I sit here in front of an old, failing computer, trying to come up with witty sentence structures and complete paragraph topics that might actually catch the attention of the random “Mormon Mommy” who happens across my badly written article. All I can think about is the Styx song playing on my mp3 [Come Sail Away, by the way. Brilliant] and the new "Office" season [which is way too far away], and I realize that I’m not really sure I, a sixteen year old junior, could really write anything here of importance.
I read over previous posts posted by actual Mormon Mommies for some assistance, and I see that most of you have written about your children, or hilarious social experiences, or amazing service opportunities. I don’t have children, or social experiences [seeing as I’m as anti-social as they come], and my service opportunities extend to painting wooden toys for under-privileged children at Youth Conference and picking up garbage on a highway.
Which is where I see: I’m still a young lady [not a kid, thank you]. My writing skills [though I love to write very much] aren’t as artistic and great as some of yours because you’ve probably been writing longer than I’ve been alive [which is a good thing, I promise], and I don’t have half the experiences any of you do to actually write about… and frankly, I’m completely lame. And in total honesty, I’m a little different from other teenage girls and guys my age.
Okay, so I’m not completely “different” from other “regular” teens, but I really don’t relate to most of them.
I’m the weird, antisocial girl in the back row with her nose in a Laurie Halse Anderson novel ["Speak", anyone?] or . I'm the one who sits in the library during lunch because being around all those people is honest-to-goodness painful. I collect old books instead of Teddy Bears. Most of my friends are actually in books [I have an amazing connection to Ronald Weasley, by the way.] I’m not even kidding. But like everyone else, I like to watch movies and eat junk food and [on occasion] actually hang out with a human being.
So, I’m a little different from other regular teens.
However, the “irregular” teenagers I hang out with are the ones I go to church with [and a couple of very rare exceptions; my best friend for instance]. Basically none of them are shy, and they’re athletic and fun to be around; not like me at all. But I think that I’ve become such good friends with them because we all have the same standards, we all know what to shy away from in the world. In my mind, I sort of depend on my Mormon friends because they keep me away from all the freaky and scary things out there. I think about it, and I realize that I’m staying away from other people because I think that I’m afraid that with one hint of , and I’ll succumb. Having Mormon friends is exactly what keeps me strong.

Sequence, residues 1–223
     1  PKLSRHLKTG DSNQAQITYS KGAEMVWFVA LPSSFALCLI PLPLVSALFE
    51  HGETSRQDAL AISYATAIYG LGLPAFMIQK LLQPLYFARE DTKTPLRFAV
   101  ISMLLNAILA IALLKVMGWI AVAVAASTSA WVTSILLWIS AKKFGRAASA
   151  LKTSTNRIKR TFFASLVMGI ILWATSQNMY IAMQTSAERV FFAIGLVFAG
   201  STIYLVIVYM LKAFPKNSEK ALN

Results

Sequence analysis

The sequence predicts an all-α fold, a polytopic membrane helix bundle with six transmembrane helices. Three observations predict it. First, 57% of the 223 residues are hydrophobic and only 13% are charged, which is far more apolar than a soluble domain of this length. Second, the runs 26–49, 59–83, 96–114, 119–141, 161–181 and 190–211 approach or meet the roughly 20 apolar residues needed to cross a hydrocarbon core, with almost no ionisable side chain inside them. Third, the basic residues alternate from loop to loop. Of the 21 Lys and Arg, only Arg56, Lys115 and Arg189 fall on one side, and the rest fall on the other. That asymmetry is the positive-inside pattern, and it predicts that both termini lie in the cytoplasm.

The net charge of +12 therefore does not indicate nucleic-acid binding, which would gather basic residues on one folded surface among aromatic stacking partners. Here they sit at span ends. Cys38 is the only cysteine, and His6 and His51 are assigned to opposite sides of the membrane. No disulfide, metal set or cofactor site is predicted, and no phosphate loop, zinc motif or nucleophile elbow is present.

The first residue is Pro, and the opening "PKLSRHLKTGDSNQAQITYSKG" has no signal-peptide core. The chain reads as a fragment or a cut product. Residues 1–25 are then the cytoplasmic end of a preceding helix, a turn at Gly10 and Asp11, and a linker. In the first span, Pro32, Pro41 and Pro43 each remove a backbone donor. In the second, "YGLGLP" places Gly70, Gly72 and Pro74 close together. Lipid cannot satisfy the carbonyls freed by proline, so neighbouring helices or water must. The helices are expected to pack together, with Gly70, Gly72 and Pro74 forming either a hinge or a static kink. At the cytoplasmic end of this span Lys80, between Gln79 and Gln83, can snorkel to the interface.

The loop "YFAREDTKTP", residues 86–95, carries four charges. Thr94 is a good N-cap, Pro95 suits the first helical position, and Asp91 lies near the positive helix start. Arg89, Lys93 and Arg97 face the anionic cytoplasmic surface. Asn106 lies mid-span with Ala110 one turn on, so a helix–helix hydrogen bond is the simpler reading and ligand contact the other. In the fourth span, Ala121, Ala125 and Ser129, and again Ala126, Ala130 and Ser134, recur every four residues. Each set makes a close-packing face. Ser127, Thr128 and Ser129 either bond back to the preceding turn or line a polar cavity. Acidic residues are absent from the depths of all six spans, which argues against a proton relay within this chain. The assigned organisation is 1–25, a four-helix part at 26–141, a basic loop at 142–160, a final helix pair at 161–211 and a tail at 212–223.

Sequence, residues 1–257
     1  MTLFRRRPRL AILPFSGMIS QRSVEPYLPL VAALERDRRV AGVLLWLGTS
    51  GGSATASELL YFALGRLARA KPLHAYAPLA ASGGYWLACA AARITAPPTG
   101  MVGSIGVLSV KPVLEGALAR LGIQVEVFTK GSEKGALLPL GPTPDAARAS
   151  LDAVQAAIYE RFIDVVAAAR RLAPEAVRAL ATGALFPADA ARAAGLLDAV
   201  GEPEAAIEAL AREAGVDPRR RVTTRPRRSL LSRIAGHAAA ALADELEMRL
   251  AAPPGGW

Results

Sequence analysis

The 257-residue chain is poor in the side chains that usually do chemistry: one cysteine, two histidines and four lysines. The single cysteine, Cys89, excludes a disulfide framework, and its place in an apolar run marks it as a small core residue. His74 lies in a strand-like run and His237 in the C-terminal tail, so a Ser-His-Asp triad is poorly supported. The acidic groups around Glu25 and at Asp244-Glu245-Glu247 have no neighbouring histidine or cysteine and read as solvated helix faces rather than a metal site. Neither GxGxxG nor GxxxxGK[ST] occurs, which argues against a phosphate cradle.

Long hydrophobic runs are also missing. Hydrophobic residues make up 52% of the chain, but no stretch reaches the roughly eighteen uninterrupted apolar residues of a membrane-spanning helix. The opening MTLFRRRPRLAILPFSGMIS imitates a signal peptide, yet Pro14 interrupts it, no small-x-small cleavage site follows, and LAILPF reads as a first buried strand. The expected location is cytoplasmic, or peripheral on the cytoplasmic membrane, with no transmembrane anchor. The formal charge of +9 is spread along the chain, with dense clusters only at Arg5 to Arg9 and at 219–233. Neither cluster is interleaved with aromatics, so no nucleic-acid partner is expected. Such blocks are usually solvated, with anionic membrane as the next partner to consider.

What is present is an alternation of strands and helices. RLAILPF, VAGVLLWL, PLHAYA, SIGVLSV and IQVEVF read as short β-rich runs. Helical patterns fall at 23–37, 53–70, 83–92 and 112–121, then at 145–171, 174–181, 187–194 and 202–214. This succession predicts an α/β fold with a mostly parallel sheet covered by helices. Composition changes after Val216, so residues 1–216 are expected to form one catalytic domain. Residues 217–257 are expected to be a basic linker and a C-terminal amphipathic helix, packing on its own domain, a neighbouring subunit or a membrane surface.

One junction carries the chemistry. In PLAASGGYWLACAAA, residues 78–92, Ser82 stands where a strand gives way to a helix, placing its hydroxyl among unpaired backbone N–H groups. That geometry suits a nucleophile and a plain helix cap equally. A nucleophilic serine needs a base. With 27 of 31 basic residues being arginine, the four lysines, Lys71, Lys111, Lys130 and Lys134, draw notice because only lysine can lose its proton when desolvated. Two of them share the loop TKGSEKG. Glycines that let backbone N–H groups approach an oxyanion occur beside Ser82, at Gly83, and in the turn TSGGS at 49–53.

I realize I have an army with me. Sure, I may only have five or six actual friends, but they’re the ones standing by me, helping me and teaching me how to fight off the peer pressure, or drugs and alcohol. We’re seeing together what happens when you relent under the pressure, what happens when you’re the druggie, when you’re the one people take advantage of.
Now, when you have something very specific that is keeping you strong in the church, it’s keeping you strong in general. It might not be your church friends. It might be a talk given twenty years ago by a general authority, one that has stayed with you all this time. It might be someone you were once close to, someone you saw give in to temptation and stray far off the path. It might be something completely unrelated to the church.
So, I guess what I’m trying to say is, I know I’m only sixteen, but I want you to acknowledge what’s keeping you strong and on your feet, and I want you to take that thing and keep it inside of you. Because being without your “Spiritual Army”, as I like to call it, is exactly how Satan will drag you down.
Alyx is a 17 year old Laurel from south-central Missouri. She is the second of five children. She loves to write, read and play music. It is her plan to be a band director, or an author, or maybe something else. She is not sure yet... and that's OK.